Building on last year's critically acclaimed Callus, it sees him stretch ever forward, delivering a collection of tracks that defy easy definition and feature collaborators including underground hop-hop group Shabazz Palaces, Daddy G from Massive Attack and famed Nigerian percussionist Tony Allen.

His take on the Beth Gibbons and Rustin Man song "Show" sees him give this song an eerily downbeat makeover that sees reverb-heavy beats line up against haunting vocals and minimal, stripped back, synthetic melodies, while Daddy G's reworking of "Your Maker" is underpinned by a rich, heavily textured rhythm that sees climbing melodies weave themselves tightly around swift sonic pauses.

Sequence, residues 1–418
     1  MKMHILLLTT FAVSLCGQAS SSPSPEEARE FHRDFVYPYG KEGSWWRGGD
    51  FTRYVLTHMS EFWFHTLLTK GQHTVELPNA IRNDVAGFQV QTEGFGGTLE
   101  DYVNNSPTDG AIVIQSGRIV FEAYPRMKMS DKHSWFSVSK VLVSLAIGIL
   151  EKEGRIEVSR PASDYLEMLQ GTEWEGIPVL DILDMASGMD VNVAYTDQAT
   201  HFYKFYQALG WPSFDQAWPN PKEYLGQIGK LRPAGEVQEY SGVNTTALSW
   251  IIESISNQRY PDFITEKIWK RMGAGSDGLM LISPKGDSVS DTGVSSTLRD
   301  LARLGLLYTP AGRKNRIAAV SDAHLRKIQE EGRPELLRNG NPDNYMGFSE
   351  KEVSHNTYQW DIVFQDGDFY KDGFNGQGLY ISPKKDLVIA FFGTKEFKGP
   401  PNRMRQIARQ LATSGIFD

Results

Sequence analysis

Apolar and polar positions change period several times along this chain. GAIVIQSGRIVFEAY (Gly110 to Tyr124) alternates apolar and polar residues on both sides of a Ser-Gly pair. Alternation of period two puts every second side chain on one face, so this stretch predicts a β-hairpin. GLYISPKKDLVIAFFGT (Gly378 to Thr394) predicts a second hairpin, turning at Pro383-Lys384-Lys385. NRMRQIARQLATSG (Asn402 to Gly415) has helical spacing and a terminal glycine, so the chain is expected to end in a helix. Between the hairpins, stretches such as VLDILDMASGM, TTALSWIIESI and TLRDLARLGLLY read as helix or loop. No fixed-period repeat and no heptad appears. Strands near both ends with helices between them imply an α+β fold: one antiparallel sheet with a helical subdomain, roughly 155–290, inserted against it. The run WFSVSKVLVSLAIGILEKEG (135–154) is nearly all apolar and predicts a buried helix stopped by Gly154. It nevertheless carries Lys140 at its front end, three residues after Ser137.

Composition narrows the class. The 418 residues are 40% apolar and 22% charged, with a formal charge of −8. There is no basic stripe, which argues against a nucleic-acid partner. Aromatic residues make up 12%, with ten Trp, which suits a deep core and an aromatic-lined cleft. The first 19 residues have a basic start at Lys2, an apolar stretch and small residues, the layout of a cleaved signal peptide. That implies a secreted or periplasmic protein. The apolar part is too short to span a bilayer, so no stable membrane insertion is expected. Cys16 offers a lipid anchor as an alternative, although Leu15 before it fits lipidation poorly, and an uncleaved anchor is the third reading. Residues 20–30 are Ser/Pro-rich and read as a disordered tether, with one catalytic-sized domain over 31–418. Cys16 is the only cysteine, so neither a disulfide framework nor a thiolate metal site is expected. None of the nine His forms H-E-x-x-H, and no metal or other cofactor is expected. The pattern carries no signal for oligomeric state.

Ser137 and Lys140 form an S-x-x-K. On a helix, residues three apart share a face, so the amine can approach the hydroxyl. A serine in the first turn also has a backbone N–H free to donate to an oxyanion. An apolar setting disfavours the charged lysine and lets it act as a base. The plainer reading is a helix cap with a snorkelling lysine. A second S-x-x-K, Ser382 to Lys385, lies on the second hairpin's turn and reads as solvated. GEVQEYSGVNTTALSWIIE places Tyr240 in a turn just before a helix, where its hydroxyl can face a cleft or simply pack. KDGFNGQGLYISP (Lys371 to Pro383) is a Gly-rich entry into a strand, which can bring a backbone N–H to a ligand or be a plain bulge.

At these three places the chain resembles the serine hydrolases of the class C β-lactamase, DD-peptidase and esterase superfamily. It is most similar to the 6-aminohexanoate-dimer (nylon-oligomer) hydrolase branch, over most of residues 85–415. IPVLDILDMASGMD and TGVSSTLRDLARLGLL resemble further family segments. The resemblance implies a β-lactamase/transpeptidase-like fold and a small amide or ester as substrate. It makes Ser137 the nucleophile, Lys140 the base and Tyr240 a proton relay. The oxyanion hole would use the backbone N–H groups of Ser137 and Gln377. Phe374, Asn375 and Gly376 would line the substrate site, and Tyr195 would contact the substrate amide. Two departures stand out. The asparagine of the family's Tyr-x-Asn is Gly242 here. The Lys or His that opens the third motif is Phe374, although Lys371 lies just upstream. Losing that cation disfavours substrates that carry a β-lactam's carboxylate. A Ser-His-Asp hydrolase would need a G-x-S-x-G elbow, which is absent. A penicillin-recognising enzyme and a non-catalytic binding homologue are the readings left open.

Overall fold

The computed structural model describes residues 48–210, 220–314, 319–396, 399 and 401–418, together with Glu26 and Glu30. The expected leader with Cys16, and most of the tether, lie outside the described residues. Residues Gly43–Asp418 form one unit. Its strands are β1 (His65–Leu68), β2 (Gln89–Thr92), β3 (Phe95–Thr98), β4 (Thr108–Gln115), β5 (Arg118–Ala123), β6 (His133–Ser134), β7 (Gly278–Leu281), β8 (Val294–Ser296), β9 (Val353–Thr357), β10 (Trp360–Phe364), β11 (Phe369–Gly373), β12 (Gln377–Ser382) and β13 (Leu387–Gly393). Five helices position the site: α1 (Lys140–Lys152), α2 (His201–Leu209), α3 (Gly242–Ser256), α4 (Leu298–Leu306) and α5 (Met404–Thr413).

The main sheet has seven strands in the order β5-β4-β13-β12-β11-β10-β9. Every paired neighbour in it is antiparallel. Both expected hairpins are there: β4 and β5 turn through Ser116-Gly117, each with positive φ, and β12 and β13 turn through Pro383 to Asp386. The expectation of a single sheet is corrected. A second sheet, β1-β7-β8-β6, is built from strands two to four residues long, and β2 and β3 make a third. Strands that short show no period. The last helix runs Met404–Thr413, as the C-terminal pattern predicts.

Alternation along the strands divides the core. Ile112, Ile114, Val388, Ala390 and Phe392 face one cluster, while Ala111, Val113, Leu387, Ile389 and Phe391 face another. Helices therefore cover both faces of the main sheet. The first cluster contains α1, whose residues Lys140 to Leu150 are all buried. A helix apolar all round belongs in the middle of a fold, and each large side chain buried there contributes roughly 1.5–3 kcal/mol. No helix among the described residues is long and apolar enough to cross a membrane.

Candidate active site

At its heart, Mandela Effect is an exploration of texture, something mdae most evident on the abstract hip hop which lays at the burning central core of Shabazz Palaces' reworked version of "Afrikan Spaceship" - a track centred around an intermittent bass-driven rhythm and motorcycle samples. King Britt's take on the same song however sees it arrive in a dub-touched trenchcoat.

In all, it's pretty confusing. But with Mandela Effect, Gonjasufi has created a truly stimulating album that will be quite unlike any other released this year.